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by Claire Reckless
If you’re following lots of testers on Twitter, are part of the MoT or Testers.io Slack, read testing blogs, or are just generally keeping up (or trying to keep up) with all the goings on in the testing community, you can read about how everyone is setting up shiny new automation frameworks, solving Selenium related automation problems, and getting to grips with the latest cool tools and programming languages..
But, what if you aren’t one of those people? If you are a tester who can’t code, doesn’t want to, who doesn’t know what to learn or does but doesn’t know how to go about it, what can you do?
It can be easy to start feeling a bit unsure about whether you have the right skills, and whether there will be a place for you in a testing role in the future. Feelings of being a second class tester start to creep in. This can be made even worse by the articles out there proclaiming that there is no place for testers who can’t code in a future testing industry. The question about what testing roles will look like in a number of years time raises it’s head quite often and many are of the view that more and more companies will ask for some kind of programming skill as a requirement.
So, as a tester, is programming one of the most important skills you should have, or try to develop? There are some tasks where programming knowledge will always be needed. However, there are also things you can do to increase the depth of your testing skills without knowing how to code.
My Programming Experience So Far
For transparency, I speak from the perspective of someone who has written code. I’ve written automated checks in VB and C#, and created small scripts in other languages to help me do bits and pieces. However, I don’t write code on a daily basis and I am by no means proficient in any particular programming language. It can feel quite hard to admit that when I see what everyone else is doing, and at times I’ve wondered if I could be much better at my job if I sat down and invested the time in becoming more skilled at it.
When I became a tester I had some experience in using the Command line, and writing SQL queries. I came from a tech support background, but hadn’t really been exposed to writing code. I’ve spent most of my testing career to date exploring, investigating, learning and discovering without coding. Though I fully realise that exploratory testing and programming are not mutually exclusive. In my current role it’s becoming more and more necessary for me to understand and write code, so I’m learning as I go along and getting assistance from others.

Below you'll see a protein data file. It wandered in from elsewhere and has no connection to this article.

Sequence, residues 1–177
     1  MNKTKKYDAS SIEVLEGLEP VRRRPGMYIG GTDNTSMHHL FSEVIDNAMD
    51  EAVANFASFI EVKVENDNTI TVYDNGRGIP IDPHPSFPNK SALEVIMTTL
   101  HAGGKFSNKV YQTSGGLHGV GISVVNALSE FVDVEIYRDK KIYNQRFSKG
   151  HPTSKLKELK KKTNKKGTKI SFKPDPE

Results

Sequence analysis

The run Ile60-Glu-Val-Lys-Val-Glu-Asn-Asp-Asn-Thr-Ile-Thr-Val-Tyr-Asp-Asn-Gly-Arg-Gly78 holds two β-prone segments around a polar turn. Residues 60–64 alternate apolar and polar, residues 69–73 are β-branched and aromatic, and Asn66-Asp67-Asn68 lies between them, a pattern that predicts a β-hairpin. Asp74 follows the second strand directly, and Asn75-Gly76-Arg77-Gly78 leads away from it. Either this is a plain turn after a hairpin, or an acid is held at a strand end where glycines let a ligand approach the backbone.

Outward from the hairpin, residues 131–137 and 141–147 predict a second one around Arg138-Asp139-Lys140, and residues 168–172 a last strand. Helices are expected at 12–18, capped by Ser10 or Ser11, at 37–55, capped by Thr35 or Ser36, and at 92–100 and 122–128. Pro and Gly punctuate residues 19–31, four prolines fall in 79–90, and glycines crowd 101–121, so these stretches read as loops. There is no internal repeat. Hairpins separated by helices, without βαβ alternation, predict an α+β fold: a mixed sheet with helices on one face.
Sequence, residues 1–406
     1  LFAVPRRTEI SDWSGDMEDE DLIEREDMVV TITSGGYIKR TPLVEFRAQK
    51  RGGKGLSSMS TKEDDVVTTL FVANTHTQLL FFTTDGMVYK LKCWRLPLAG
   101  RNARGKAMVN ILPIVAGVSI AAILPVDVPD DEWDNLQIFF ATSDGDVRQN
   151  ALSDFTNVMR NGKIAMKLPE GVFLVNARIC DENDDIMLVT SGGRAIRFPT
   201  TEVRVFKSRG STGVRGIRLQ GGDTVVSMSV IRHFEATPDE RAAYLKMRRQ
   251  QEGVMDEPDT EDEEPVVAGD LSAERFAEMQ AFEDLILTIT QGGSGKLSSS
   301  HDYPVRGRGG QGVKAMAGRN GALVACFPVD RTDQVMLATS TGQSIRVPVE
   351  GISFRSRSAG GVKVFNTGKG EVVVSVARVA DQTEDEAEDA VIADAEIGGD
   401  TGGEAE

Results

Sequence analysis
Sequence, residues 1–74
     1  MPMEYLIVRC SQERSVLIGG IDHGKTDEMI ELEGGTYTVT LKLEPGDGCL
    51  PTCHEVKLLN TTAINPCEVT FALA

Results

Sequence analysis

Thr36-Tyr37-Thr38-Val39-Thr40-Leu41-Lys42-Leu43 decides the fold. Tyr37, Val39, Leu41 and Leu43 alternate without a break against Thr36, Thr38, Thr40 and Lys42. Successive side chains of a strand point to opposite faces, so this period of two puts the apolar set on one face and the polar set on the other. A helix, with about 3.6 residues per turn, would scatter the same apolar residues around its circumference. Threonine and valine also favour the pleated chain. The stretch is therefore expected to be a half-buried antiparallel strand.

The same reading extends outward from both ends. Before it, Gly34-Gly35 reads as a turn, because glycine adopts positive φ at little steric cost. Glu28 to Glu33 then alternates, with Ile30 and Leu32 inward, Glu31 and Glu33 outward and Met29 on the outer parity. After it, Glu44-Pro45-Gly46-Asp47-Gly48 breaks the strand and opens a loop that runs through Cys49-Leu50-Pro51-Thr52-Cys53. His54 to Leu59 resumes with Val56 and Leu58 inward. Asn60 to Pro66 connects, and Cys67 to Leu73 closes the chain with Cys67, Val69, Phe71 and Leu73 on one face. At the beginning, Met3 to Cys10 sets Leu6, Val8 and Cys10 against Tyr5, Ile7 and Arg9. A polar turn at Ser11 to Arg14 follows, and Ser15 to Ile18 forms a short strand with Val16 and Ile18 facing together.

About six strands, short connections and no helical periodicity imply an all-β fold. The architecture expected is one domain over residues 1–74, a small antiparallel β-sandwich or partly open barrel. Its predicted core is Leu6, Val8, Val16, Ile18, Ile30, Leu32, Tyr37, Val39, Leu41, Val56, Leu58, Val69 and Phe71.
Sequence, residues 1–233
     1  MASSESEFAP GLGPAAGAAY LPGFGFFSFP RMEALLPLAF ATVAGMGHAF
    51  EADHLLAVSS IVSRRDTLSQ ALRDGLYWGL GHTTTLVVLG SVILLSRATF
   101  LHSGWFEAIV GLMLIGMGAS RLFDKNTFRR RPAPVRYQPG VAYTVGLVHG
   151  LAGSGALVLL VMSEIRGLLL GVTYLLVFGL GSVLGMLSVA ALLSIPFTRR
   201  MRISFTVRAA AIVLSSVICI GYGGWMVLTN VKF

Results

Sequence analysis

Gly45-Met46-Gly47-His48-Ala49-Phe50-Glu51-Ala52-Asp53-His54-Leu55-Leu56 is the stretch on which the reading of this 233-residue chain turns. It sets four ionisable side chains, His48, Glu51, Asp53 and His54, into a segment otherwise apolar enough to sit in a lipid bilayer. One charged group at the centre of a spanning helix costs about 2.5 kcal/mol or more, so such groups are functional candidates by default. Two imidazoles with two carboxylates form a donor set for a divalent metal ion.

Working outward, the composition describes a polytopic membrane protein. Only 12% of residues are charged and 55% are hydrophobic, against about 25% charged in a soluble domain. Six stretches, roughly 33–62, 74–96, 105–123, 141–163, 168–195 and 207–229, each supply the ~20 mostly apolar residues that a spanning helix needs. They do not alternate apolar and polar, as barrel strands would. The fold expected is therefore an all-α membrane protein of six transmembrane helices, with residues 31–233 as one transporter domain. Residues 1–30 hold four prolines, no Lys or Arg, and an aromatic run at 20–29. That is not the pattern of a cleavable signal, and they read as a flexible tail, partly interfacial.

So Why Still Talk About This?
This subject has been written about and debated by a great many people. A few years ago this article asked ‘can we move on’ from this debate, it also referenced a number of other articles by prominent members of the testing community with a variety of opinions. It’s another one of those subjects we might never all agree on.
Our industry is evolving all the time, it could be that in a future testing industry almost all testers will be required to have some programming experience, and while this may not happen, it’s important to be aware of it.
Whether or not you need to learn programming skills is, as with so many other things, dependant on your context. As a lot of companies move toward continuous delivery, there is increasing reliance on automated checks, DevOps, testing and monitoring in production. If you are working in this kind of environment you might be expected to be able to code. Some are of the opinion there is no place for testers who can’t code anymore, when actually, the wide range of skills testers demonstrate can be of great use for all stages of the development cycle, whether you are using DevOps, Agile, or something else.
Talking about programming, from a tester’s perspective, is a good way to self reflect and look at where you think you could be stronger and make the most effective contribution to your team and your own career. If you can’t code, or don’t want to be an automation engineer, there are other related things you could learn.
Getting Hired - What’s The Role?
Some employers will only hire testers who have coding skills. They need to do what fits their business needs best. They might want their testers to create new frameworks and write unit tests, API tests, or UI level automated checks as part of their day-to-day work.
Most modern frameworks are constructed using code rather than the much maligned record and playback tools which, in theory (and in the fancy sales pitch), ‘anyone could use’, but in practice, were often brittle and unreliable, and discarded after a lot of expensive effort. It makes sense to want candidates who can create robust automated checks in code, suggest improvements to the framework, and evaluate new technologies.
Roles Which Require Programming
If your interests are in specific areas of testing, like performance or security, a good knowledge of how the code works can be beneficial. However, this needs to be combined with other things like good technical skills, the ability to use, or learn to use, the necessary tools, and knowing how to interpret the output of the tool. Having done a security testing training course as part of my current role, I found it was extremely technically focussed and a good understanding of the inner workings of an application was required in order to search for less obvious, yet serious, security flaws.